Hephaestus and Ares
Ares never really forgot how ridiculous he was made to seem by Hephaestus, when the latter continually refused to climb Olympus. Ares was looking for a chance to ridicule Hephaestus and this chance was given to him. Ares was not the most beloved one among the gods, but he was young and beautiful. When Hephaestus was away, Aphrodite, married to him, but not by her own will, consorted with Ares in her husband’s palace. As everything, their relationship was soon made known to Helios (the Sun) who sees everything and he decided that the right thing to do is to tell Hephaestus.
Once again, Hephaestus turns to his craft and once more he makes webs, but this time thin as spider’s. He puts them on the bed and waits for the next time that the guilty couple will meet. He tells Aphrodite that he is going to the island of Lemnos for a while. His plan was really successful; as soon as Ares sees him leaving, he goes to meet with Aphrodite and as soon as they lay on the bed they both find themselves trapped. Helios informs Hephaestus who turns back, opens the gates of the chamber and starts yelling. He calls all gods to see the shameful couple and threatens to leave them there forever, unless Zeus returns to him all the presents he had offered in order to take Aphrodite as his wife.
This story is given to us by the epic poets, who seemed to like ridiculing the god of war, who was not as ridiculous as he was often portrayed. The story continues with all the gods laughing, and Apollo asking Hermes what he would do if he was in Ares’s shoes. Hermes supposedly answered “If I were to lay with Aphrodite by my side, I wouldn’t mind being bound by three times more chains or you standing there laughing at me”. After all, Ares has managed to have what every man would like to have…Aphrodite by her own will…After the fuss was over, Aphrodite went to Paphos, in Cyprus, and Ares to Thrace, in order for Hephaestus to calm down.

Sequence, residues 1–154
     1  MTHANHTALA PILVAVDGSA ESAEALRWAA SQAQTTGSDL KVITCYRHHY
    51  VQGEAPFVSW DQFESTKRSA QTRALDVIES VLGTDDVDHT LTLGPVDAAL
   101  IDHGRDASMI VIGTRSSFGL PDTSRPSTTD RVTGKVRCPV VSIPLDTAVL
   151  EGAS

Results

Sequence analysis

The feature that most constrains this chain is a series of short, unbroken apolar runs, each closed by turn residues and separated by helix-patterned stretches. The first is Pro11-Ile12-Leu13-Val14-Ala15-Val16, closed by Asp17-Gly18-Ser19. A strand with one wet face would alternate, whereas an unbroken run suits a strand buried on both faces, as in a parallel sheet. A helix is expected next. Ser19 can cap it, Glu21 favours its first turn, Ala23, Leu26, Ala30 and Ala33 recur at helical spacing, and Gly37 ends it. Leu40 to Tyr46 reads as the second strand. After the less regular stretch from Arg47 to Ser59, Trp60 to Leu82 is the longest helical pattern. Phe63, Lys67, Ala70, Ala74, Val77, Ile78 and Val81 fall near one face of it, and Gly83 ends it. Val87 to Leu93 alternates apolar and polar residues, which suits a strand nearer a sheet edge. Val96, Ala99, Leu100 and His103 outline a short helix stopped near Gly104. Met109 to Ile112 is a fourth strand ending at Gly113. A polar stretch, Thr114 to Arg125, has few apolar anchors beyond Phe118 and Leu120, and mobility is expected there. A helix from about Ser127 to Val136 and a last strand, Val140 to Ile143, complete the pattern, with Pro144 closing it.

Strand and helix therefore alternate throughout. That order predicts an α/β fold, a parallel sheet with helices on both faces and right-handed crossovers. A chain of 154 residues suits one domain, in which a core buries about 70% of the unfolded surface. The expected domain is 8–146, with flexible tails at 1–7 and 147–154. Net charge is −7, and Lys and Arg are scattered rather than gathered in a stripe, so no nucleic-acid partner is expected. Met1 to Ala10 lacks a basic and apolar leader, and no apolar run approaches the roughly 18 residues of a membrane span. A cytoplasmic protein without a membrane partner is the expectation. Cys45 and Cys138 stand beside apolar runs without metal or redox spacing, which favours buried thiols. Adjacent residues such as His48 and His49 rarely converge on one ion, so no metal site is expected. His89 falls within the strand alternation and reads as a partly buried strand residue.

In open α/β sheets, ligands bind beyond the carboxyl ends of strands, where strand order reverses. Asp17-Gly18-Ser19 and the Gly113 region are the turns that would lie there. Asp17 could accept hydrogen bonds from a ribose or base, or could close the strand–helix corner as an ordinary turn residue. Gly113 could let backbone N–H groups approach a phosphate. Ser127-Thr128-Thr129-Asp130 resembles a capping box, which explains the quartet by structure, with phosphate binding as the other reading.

Other myths around Hephaestus
According to a version of the myth, Hephaestus and not Prometheus was the one who hit Zeus’s head with an axe for Athena to be born.
During the war against the giants, Hephaestus with Dionysus and the Satyrs surprised the giants when they entered the battlefield riding donkeys who were screaming too loudly, so that the giants just turned their backs and left. Hephaestus then threw fireballs and so killed the giant Klytios. (According to others, Hecate was the one who killed the giant). After that, Helios took him on his chariot so that the god might rest and Hephaestus paid him back by making magnificent things in Aeetes’s palace, who was Helios’s son.
Hephaestus was a compassionate god. He convinced Helios to give Orion, the giant his light back, who had been blinded by Oinopion in Chios island.
When Zeus defeated Typhoon, Hephaestus was put as his guardian in Aitna, Cicely, where Zeus had put him. Thus, he made his laboratory on Typhoon’s neck and there he worked with steel and fire.